If you want to become a professional in government, COMPASS provides you with the tools needed for working in an ever changing environment and gives you an edge in an increasingly competitive job market. By choosing topics in their course works, students have the opportunity to specialise within the programme. Thus, developing a personal profile that strengthens their distinctiveness. Once graduated, you will leave the programme with a firm knowledge of complex issues and current changes in governance and international politics, and the skills to provide clever solutions. The programme thus
prepares you for senior positions in different organisations, for example the UN, the OECD and EU; public employers, such as local, regional and central government departments; thinktanks, advisory bodies and consultancy firms.
Political decisions are increasingly made in complex multi-governance systems. Transnational institutions such as the UN, the EU, the World Bank and the IMF have grown in importance. Policy problems are seldom the remit of a single government, but often involve several layers of government (local, regional, national, transnational) and several types of actors (governments, non-profit organisations, businesses). Moreover, recent reforms in many countries have led to the fragmentation of the public sector.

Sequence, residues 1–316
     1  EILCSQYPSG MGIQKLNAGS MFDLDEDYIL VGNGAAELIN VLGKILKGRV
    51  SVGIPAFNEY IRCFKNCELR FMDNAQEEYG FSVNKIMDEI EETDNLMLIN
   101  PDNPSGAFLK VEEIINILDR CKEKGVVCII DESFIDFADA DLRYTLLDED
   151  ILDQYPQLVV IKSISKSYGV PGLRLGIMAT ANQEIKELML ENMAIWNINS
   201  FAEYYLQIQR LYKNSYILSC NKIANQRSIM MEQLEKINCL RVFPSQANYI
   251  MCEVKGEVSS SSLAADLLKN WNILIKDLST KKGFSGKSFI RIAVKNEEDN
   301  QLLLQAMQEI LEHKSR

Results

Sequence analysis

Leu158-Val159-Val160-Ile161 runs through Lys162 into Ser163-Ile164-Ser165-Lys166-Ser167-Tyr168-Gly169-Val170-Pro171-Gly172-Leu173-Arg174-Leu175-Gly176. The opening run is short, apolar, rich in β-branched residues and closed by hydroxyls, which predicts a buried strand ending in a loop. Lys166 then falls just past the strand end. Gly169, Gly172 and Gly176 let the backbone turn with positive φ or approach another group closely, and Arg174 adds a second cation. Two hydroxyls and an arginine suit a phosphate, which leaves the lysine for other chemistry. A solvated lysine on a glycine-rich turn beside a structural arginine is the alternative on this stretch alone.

This fragmentation of the public sector comes at a time when governments face a particularly difficult set of problems. Economic and financial crises threaten the sustainability of what we used to take for granted. Social and demographic changes, such as population ageing, have made existing social policies and public programmes controversial. New technologies have radically changed the risks that we face and how we perceive them. These developments have implications for the training and skills of those who wish to work in the public sector and NGO sector.
The Master’s specialisation in Comparative Politics, Administration and Society is designed to address these issues and impart the skills necessary for a young professional in contemporary public administration. The one-year programme consists of two components: